For individuals, the value of a strong network of professional contacts is well known. Organisations are increasingly realising the benefit of constructing and maintaining their own networks. However why should organisations spend limited time and resources on activities which do not have an immediate and easily measurable benefit?
There are potential benefits of networking. Networking helps increase the ability of organisations and communities to speak out about issues by giving their voice additional weight. Members of the network gain useful information which they may not have access to otherwise. Information exchange and co-ordination also helps to decrease the duplication of services and efforts to innovate in the same area. Sharing of best practice, peer review and joint innovation an all lead into an increase in impact, productivity and quality.
Building on shared knowledge helps to bring a variety of experience to any given problem, with the potential for novel and innovative solutions. Networking may allow people to work together in partnership with different resources, making better use of limited resources instead of an organisation insisting on doing everything separately.
However, this doesn’t always happen. The cynical view of interpersonal networking is that it’s just an excuse for a drink and a bit of causal job-hunting at best, and at worst is the instrumental collection of contacts to be used for your own interest. This is not a recipe for success on an institutional level. To get to the best effects of organisational networking you need to get rid of personal agendas. You need to find the overlaps between your organisation’s aims and those of potential partners, and then work in those areas. The relationship has to be mutually beneficial to the organisations, as well as working on the personal level.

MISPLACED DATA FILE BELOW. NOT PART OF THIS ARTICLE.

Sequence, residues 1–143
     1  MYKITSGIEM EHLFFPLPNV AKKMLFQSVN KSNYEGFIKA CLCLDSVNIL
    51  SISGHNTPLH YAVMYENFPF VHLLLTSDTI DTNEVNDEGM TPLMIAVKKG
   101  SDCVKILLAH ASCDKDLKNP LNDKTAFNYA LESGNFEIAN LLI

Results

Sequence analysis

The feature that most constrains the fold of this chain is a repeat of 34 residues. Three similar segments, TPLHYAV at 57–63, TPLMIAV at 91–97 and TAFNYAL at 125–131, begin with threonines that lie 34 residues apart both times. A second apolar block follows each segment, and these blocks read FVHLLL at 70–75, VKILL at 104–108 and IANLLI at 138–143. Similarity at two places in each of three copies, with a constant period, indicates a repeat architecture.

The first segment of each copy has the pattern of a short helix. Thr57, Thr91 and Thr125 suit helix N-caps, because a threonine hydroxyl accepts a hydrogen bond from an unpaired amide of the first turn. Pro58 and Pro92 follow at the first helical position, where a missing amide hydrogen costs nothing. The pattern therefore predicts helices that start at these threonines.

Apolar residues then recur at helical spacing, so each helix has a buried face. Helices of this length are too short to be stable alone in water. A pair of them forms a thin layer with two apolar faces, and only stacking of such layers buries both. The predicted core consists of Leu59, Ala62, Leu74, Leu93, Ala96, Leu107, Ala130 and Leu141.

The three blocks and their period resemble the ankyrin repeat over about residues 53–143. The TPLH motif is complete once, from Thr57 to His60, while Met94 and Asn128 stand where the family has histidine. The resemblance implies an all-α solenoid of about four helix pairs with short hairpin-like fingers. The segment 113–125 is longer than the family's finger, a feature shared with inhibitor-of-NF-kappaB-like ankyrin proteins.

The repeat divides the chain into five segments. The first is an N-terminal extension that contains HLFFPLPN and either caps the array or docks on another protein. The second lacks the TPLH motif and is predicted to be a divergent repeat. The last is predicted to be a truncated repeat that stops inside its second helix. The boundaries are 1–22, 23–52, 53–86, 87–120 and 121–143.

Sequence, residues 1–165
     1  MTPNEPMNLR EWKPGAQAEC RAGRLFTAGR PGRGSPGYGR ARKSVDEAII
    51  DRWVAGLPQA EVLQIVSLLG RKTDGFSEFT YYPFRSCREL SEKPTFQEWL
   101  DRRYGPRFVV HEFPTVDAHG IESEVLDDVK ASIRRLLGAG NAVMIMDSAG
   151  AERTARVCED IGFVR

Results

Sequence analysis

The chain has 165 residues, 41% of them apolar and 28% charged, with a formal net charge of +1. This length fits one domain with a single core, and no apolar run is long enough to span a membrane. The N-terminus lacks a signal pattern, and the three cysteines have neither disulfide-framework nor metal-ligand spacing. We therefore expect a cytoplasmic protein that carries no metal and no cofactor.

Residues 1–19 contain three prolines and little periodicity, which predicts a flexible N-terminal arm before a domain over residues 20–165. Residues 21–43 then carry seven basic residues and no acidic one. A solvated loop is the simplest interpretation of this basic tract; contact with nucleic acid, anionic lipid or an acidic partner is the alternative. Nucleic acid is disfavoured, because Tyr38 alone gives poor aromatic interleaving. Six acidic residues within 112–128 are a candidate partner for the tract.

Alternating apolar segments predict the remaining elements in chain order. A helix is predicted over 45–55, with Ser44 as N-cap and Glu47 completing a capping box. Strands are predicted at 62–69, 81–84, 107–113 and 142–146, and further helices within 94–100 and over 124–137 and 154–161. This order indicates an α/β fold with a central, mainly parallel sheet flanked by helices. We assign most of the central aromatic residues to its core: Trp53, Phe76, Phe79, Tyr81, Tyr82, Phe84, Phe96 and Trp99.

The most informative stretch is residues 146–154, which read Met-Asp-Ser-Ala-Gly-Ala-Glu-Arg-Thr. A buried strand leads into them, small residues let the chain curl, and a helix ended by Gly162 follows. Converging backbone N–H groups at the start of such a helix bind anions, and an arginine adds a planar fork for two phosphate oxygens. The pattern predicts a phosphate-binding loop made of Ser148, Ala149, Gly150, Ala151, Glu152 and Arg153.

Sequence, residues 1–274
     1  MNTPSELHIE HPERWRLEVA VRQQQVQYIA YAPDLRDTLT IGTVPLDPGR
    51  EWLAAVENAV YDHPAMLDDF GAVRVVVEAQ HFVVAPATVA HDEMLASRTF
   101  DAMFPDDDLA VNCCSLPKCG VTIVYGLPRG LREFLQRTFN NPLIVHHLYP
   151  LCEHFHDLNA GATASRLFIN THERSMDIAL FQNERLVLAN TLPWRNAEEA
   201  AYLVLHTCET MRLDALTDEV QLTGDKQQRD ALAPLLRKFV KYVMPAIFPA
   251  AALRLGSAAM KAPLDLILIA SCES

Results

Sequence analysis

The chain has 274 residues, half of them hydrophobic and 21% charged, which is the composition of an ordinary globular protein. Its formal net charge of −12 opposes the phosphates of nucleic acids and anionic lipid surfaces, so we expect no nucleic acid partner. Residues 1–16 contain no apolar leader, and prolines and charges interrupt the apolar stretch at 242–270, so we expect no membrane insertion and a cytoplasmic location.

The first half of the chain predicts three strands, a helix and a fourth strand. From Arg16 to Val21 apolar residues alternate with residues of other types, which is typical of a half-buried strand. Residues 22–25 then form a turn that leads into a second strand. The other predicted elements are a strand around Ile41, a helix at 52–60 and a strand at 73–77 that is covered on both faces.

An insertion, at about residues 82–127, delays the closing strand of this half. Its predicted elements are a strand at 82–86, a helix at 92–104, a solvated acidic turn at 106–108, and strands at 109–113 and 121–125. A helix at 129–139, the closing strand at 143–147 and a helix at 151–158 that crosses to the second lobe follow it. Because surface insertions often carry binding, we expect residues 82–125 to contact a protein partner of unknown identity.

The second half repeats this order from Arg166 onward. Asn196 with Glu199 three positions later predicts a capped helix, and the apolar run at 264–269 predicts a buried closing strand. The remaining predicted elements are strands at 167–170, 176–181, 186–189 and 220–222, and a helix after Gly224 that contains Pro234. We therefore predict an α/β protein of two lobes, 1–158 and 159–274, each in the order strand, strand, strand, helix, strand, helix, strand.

Arts Access Aoteraoa facilitates a network of arts organisations in New Zealand to increase accessibility. One of the strengths of this network is the clear focus and a specific mutual interest. Another is that the activities of this network matter to the communities and audiences that the organisations work with. This means that the network is not just an institutional echo-chamber. Another example would be National Arts Coalition in South Africa in the 1990’s. This network was not just about policy and organisations, but also about public issues that affected their audiences and individual artists.
Modern communications technology now allows us to construct these useful networks on a global scale.
This means you are more likely to be able to find people somewhere in the world who are working on exactly the same questions or issues as you. Some of the most profitable networking comes from this type of international specialist collaboration.
If you’re comfortable with new technologies, you are also able to skip the crusty sandwiches and poor quality free wine and get straight to the communication and knowledge exchange. There are even tools such as Google Translate that allow you to communicate across the language barrier. This is now available as both an iPhone and Android app: you can speak a phrase into your phone, have it translated and then played back in a number of languages.
An important skill here is the ability to go from organisational contact details to interaction with real people, and not just collect a large number of LinkedIn connections.